Church as the “Bane” of my Existence: Christian Reflection on “The Dark Knight Rises”

“Have we started a fire?,” says the petty henchman. Bane responds, “Yes, the fire rises.”

In the wake of one of the biggest movies to ever grace the big screen, I have a dire need to reflect on what “The Dark Knight Rises” (TDKR) has to say to the modern church in all of its capitalistic glory. Even if you were half asleep while watching TDRK, director and writer Christopher Nolans’ bold critique of capitalism shines brightly. Bearing several allusions to the Occupy Wall Street movement, Nolan lays out a ill-fated conclusion to The Dark Knight trilogy, and, in Catwoman’s words, the fate of a culture who “wonders how [the rich] ever thought [they] could live so large, and leave so little for the rest of us.”

Obviously, Nolan is speaking to more than just comic book nerds and black leather enthusiast, in Catwoman’s case; Nolan is most definitely juggling political motifs in a time where film has become more about entertainment than portraying a particular cultural message. And this message is clear. So clear that the fire is being kindled by Rush Limbaugh himself. Rush said that Bane, Batman’s adversary in the movie, was a heavy allusion to Mitt Romney in reference to his former company, Bain Capital. Nolan has refuted this claim, but hey, anytime Romney is made to look any more corrupt than he already seems, it has to be a good thing.

Now, can we make a connection to the Christianity? Is there a sturdy bridge on which we can walk from Wall Street to the church?***

It is no secret that churches and church organizations are highly capitalistic. Sure, they are tax exempt and claim to be a part of a different kingdom, but rarely does a church budget reflected anything but a capitalistic enterprise that feeds off money and money alone. If the budget is not enough, the competition between churches and their superstar pastors look strikingly similar to the competition between major retailers and companies. There are catchy slogans, personal attacks, and quarterly numbers that most definitely permeate both the church and the private sector.

This capitalism hits home with me as an aspiring pastor, educator, and church member. I see the effects of capitalism every Sunday. This problem is even more real to me due to the fact that my home church is slowly dying because the budget, the pastor-main-attraction, and the involved members are not up to par in the eyes of the capitalistic monster hiding under the pew that subtly influences everything. But how do we deal with these problems? How do we save a dying church stricken by capitalism in a once anti-capitalism religion?

In TDKR, Bane’s answer is to start a fire that consumes, burns down, and renews Western civilization. The church sits as the false idol at the foundation of Western civilization, tempting the world to be better when, at the churches most basic level, it still chooses to participate and even facilitate corrupt capitalism itself.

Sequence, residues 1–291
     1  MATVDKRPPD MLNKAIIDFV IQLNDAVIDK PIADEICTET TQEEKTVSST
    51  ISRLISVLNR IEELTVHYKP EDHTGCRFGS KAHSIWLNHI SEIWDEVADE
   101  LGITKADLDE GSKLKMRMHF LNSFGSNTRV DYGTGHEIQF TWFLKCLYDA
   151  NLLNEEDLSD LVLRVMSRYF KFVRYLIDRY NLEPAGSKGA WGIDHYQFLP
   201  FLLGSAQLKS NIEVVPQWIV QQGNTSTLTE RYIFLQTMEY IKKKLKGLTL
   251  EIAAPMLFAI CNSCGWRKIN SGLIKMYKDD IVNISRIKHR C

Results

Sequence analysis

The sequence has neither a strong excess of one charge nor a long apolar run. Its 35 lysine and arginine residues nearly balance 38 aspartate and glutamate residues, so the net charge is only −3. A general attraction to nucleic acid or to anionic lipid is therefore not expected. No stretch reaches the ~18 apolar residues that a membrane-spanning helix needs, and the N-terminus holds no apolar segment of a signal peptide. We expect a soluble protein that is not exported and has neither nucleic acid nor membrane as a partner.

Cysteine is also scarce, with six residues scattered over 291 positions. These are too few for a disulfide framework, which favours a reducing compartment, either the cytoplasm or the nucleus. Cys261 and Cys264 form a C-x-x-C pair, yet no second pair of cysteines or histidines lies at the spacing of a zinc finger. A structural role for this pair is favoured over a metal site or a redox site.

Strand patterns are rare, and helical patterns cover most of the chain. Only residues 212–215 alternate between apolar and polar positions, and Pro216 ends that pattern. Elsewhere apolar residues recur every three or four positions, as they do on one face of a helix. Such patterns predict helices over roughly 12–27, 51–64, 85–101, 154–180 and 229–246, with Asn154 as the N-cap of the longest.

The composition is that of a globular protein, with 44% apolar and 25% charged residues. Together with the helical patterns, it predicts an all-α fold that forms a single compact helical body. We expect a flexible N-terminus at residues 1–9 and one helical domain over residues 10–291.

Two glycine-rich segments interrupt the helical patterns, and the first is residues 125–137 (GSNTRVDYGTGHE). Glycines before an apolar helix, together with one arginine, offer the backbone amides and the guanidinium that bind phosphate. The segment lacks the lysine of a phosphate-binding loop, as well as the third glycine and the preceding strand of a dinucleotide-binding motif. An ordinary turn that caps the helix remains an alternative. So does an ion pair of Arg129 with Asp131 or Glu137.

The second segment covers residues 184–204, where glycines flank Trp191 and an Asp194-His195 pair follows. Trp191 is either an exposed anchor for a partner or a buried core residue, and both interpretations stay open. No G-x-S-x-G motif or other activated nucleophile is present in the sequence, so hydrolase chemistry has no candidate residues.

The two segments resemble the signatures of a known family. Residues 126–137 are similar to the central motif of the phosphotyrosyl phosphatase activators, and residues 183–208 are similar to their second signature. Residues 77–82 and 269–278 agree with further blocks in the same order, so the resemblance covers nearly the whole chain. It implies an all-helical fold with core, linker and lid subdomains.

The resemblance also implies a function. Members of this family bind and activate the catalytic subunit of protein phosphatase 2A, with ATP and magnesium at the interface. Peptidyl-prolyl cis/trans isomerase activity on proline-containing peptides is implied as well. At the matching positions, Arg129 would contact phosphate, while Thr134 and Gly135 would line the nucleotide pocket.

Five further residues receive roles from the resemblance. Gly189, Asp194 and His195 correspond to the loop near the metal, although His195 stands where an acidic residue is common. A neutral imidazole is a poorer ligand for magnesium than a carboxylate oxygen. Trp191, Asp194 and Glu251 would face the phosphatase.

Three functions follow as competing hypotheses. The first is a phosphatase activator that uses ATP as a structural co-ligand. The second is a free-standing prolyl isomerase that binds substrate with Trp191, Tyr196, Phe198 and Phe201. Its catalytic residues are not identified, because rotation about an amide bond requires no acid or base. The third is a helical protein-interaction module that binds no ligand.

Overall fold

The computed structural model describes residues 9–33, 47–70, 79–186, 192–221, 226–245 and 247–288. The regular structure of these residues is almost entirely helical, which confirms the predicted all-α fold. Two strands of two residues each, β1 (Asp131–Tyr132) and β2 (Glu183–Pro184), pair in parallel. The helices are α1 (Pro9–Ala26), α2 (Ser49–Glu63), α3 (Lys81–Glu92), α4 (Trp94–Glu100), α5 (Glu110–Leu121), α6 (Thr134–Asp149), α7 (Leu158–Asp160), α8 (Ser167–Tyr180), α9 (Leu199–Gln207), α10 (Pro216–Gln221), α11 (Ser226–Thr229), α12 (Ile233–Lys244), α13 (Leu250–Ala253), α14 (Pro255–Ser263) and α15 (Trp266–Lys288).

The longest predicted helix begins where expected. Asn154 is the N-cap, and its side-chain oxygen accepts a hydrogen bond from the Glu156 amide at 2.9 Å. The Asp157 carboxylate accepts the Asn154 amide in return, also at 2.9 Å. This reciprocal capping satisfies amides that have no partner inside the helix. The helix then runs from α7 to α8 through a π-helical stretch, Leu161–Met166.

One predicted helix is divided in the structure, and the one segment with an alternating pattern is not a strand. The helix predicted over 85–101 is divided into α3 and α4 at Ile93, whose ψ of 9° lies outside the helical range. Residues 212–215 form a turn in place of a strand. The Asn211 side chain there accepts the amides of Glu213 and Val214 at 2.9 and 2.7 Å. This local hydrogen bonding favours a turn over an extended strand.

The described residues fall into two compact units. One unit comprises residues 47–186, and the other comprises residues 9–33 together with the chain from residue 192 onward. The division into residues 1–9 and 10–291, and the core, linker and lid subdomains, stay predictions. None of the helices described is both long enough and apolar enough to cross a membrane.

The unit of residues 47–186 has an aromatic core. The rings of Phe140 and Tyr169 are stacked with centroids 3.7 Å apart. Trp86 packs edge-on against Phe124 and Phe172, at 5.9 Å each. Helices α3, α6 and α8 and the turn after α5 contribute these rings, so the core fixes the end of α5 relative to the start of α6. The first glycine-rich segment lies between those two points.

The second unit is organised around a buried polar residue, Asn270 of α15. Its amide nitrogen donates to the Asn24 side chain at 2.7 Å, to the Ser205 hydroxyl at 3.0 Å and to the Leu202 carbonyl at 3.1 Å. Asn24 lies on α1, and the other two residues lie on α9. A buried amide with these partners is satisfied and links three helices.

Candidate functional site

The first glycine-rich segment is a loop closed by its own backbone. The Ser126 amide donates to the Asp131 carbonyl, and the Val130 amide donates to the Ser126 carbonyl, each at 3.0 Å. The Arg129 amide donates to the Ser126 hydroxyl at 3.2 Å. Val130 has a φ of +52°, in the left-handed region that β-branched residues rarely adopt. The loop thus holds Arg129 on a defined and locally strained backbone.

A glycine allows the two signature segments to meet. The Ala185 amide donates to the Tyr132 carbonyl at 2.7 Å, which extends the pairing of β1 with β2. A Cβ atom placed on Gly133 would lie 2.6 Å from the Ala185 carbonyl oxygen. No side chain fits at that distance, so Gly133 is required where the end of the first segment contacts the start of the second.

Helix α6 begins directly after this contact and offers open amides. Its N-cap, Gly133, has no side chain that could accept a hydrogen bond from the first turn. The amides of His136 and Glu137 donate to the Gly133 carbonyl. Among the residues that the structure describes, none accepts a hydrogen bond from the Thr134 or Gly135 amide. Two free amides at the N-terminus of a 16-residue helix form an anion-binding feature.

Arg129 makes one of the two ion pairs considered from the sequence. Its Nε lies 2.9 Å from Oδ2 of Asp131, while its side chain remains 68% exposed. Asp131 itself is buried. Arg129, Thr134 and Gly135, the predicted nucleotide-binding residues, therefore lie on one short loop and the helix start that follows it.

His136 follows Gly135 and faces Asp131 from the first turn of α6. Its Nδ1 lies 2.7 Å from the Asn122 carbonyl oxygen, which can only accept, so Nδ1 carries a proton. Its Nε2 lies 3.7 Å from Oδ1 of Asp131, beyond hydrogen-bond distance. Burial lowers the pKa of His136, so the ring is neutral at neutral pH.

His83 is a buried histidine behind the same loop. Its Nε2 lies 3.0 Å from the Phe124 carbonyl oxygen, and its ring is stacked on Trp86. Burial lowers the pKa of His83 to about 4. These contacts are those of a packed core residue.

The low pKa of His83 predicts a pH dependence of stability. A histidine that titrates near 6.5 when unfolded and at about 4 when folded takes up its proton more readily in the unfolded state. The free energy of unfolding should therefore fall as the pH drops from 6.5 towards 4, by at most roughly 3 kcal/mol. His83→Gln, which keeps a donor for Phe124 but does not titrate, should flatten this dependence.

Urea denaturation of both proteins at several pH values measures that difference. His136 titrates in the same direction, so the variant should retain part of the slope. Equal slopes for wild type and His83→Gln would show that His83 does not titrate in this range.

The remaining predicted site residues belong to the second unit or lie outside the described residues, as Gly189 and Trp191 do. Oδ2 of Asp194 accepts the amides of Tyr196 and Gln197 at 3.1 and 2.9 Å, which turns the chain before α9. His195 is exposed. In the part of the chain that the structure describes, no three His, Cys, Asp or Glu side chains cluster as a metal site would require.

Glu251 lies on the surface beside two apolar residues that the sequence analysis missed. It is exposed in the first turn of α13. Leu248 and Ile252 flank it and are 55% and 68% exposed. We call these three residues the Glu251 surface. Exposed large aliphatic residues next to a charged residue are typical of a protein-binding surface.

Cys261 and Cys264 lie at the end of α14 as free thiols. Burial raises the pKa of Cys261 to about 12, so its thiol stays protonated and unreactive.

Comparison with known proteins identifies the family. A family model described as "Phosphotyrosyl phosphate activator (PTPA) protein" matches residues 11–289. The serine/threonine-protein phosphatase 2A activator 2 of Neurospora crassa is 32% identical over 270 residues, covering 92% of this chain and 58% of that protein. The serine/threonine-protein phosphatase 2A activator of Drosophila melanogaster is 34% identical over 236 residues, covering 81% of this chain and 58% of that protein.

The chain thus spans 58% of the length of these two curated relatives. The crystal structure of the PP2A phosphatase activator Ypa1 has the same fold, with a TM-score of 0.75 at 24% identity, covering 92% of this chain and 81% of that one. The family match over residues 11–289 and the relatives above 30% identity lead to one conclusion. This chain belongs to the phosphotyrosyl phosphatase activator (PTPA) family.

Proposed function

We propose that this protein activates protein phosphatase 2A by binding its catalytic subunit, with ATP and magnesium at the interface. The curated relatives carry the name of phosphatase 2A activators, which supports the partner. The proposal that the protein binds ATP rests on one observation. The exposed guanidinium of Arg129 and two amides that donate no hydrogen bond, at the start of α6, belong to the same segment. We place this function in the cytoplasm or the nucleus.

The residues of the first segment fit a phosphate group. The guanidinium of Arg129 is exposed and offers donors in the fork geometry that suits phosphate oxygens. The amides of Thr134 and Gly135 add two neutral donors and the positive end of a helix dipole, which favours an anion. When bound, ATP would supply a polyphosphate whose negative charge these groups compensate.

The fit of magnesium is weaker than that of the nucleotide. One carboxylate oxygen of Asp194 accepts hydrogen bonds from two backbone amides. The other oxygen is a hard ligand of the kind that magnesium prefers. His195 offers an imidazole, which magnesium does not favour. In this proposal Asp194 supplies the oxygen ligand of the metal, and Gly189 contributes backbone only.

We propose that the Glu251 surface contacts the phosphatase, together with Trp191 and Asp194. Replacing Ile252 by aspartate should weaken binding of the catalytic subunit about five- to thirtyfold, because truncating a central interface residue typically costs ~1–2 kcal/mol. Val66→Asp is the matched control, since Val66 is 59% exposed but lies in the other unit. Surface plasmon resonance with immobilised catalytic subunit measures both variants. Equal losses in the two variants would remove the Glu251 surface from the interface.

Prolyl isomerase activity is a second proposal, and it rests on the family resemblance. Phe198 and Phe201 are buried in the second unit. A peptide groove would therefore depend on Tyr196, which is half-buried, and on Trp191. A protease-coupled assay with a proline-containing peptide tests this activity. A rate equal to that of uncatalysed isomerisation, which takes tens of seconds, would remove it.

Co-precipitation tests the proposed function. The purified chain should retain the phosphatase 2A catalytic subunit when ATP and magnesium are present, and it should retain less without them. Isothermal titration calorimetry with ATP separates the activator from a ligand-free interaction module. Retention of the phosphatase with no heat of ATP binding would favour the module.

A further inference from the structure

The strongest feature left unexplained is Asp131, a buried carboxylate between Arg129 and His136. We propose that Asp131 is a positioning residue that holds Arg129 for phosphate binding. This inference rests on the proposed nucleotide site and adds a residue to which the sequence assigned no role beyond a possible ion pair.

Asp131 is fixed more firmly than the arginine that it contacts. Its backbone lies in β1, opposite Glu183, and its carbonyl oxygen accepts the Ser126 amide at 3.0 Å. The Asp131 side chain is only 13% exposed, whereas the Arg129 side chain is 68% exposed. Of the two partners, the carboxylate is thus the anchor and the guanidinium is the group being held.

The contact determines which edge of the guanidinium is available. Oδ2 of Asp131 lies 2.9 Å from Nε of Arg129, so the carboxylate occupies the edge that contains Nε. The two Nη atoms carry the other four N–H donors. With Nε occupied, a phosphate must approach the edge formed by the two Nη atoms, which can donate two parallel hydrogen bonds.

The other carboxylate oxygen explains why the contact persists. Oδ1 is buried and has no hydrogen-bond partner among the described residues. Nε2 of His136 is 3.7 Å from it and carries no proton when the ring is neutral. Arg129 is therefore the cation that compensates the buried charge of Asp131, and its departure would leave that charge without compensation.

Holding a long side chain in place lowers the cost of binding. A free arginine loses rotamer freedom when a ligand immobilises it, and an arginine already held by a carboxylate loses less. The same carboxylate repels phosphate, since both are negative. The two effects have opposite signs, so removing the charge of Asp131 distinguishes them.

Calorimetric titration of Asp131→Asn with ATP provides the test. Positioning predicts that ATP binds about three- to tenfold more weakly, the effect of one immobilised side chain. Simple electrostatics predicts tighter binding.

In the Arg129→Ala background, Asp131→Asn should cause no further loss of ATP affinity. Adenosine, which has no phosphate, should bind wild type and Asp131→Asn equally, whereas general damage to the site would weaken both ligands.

Maybe the only way to save our churches is to let them burn as Bane suggests; to let them die in the hopes that in their ashes we can practice the core of our faith: resurrection.

I am not sure if Jesus’s role is more like that of Batman or Bane. I am also not sure if chaos and death, or patience and fidelity are the answers to the churches problems. What I am sure of is there is a problem, and movies like “The Dark Knight Rises” provides a canvas on which we can all paint the problems and flawed solutions of our culture.

***interesting fact: Christian Bale played both Batman and Jesus? Coincidence? I think not!

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It Pays to be Lazy: Cheers to an Inactive Gaming Lifestyle


I am an avid gamer. I am also an avid, lazy gamer. Having said that, over the last few years, motion technology has revolutionized gaming across the planet. First with the Wii, then with Xbox Kinect and Playstation Move, it seems that “active” would become a part of the everyday gaming jargon. However, according to this new study from Reuters Health, “active gamers” who use motion technology tend to consume twice the calorie intake than inactive gamers, with the calories burned from playing motion games included.

I having been playing video games since I was six years old. I have owned a regular Nintendo, Super Nintendo, Nintendo 64, Playstation 1, 2, and 3, as well as my currently owned, Xbox 360. My gaming experience with all my consoles was and are, as they should be, experienced from the couch.

So cheers to lazy gaming; sometimes it pays to sit and do nothing.